Why You Can’t Have Your AR and Eat it, Too.

Political Issues are like Ogres – they have Layers

Well, it’s 2016, an election year, and with distressing predictability the Democratic and Republican political war machines have started drumming up their bases by calling into question one of the most divisive topics in American politics, the Second Amendment. They could have fired the opening salvo on Abortion, but with as popular as the Pope is these days, I suppose neither side wants to alienate all those Hispanic Catholic voters.

My guess is that we will all see Abortion be the hot topic issue within a week of the Democratic candidate being decided.(1) Make a mental note and let’s see how it goes.

Politicians love to get us pissed; it’s the quickest way to public office. If you can identify someone’s ideology on a subject, put fear into their hearts that said ideology is under attack, then you can reliably expect that person to turn out in defense of it. Both sides do it, in their own way, and do it well. Any attempt at responsible entitlement reform is met by Democrats as just another attempt by the ultra wealthy to squeeze the downtrodden masses. Any effort at firearm regulation is met by Republicans as tantamount to an imminent nationwide Federal gun seizure by jack-booted thugs, whereby some mysterious Gestapo take everything from your Grandfathers’ WWII service pistol to Daddy’s shotgun, kicking the family dog on the way out.

Come and Take It

Full disclosure, the right to bear arms is an issue I take seriously. I’m an avid shooter and 1911 enthusiast. I spent many years with an M4 in the Army and look forward to my first AR purchase this year. Nevertheless, as I have grown a little more seasoned in life I have begun to become increasingly worried about how conservatives approach political issues, the defense of the Second Amendment in particular. Don’t get me wrong; I do believe there are some elements in America that truly want all firearms taken from free, law abiding citizens. There are also large numbers of people that want firearms restricted to the most basic hunting and sporting weapons, which was never the intent of the right at it’s inception. It’s a legitimate issue.

What bothers me is all too often the defense of the Second Amendment comes off in my mind as not only juvenile, but almost petulant; emotionally and ideologically based rather than based in real solutions. We can do better, and need to acknowledge there are very serious consequences to the way we realize our right today in America. The dangers of an under-regulated industry become self-evident when we examine the increasing lethality of mass shootings as well as an increasingly barbaric criminal element that it fully prepared to shoot you even after you give them your wallet.(2) There are simply members of our society that want to hurt people, and do so in callous, calculated manner. Right now these people – whether mentally ill, criminal actors, or Islamic extremists – have as much access to firearms as law abiding citizens do.

That’s fact, ladies and gents.

This fact is largely dismissed by many defenders of the right to bear arms with the “criminals don’t follow laws” argument (more on that later). It shouldn’t be. It’s an issue, and one that needs to be addressed if we want to continue to enjoy our freedoms as guaranteed in the Constitution. What I’m seeking to do here is remove the politics from the issue, examine the history of the 2nd Amendment, and offer some suggestions to preserve the intent of an 18th Century right for the 21st Century.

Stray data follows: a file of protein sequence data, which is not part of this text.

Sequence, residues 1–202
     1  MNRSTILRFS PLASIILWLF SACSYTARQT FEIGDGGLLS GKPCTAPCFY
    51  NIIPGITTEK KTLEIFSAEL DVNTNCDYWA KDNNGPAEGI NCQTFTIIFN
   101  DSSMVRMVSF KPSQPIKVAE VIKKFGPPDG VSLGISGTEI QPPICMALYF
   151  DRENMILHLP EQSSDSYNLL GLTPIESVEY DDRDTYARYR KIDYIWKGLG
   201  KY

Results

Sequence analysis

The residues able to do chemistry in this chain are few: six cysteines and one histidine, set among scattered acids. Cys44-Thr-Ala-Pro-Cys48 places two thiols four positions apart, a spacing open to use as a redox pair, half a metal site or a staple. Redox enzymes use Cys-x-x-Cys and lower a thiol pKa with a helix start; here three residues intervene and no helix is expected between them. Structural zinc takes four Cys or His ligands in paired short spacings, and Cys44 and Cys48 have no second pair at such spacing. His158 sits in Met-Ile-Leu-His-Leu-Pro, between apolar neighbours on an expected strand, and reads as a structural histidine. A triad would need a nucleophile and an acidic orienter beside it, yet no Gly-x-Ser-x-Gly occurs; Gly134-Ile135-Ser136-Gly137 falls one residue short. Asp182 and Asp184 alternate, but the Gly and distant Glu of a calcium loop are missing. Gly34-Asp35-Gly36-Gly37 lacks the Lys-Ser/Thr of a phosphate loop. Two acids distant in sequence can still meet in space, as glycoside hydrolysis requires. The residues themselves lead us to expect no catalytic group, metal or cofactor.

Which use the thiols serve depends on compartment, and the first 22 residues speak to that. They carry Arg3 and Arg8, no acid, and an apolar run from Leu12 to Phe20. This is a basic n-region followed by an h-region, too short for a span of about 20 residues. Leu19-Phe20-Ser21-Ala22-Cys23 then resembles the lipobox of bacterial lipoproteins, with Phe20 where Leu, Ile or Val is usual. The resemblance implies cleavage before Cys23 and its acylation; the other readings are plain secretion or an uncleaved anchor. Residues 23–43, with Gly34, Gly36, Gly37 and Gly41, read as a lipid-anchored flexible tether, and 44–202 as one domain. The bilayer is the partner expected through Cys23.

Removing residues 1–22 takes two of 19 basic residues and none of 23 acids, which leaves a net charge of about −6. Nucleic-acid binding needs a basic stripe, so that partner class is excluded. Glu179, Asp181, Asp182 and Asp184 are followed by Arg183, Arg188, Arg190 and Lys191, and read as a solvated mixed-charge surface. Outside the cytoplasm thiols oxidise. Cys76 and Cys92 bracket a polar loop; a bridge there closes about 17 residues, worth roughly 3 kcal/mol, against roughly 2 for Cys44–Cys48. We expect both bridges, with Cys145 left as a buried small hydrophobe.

One thing is sure – people are gonna be pissed after reading this.

The Second Amendment: Collective and Self Preservation

A well regulated Militia, being necessary to the security of a free State, the right of the people to keep and bear Arms, shall not be infringed.(3)

Our right to bear arms is built upon English tradition and the fear the Founding Fathers had of tyranny at the hands of a central government backed by a professional Army. In the English tradition, the keeping of Arms was not only a right, but a communal responsibility. As far back as 9th Century and the “Laws of Alfred”, Saxon freemen were expected to provide arms for their own protection, and for the protection of their community:

“armed defense, particularly against robbers and burglars, a right and duty, levying fines upon those who failed to answer a call to arm.”(4)

The natural right to self defense is more plainly explained by  John Locke:

“one may kill an aggressor where there is insufficient time to appeal to the law, for the law could not restore life to my dead carcass.”(4)

In our tradition, the right to bear arms therefore has both collective and individual connotations, and it is this dual nature that is at the heart of the traditional gun control debate. Liberals tend to focus on the common defense aspect of the discussion (the word Militia), whereas Conservatives focus on the last bit: “the right of the people to keep and bear Arms, shall not be infringed.”

As a self proclaimed moderate, I don’t think you can separate one from the other. At first glance, the collective reason for bearing Arms has by and large become a thing of the past since the duties of the traditional fyrd or militia has been replaced by the modern National Guard, and only the individual right remains. My perspective however, is that we still have this collective duty to combat “robbers and burglars,” and part of that duty in the modern era is making it difficult for such people to get their hands on one in the first place. We seem to forget that first part of the amendment: “well regulated.” Those two words can be interpreted in a lot of different ways. Disciplined is one. As both a former Army officer and a entry level historian however, I think a better interpretation is “ruffians need not apply.” The Second Amendment was never intended to allow firearm purchases to the mentally ill, criminals, former felons, or those espousing an ideology contrary to enlightenment principle and the ideals of the Declaration of Independence.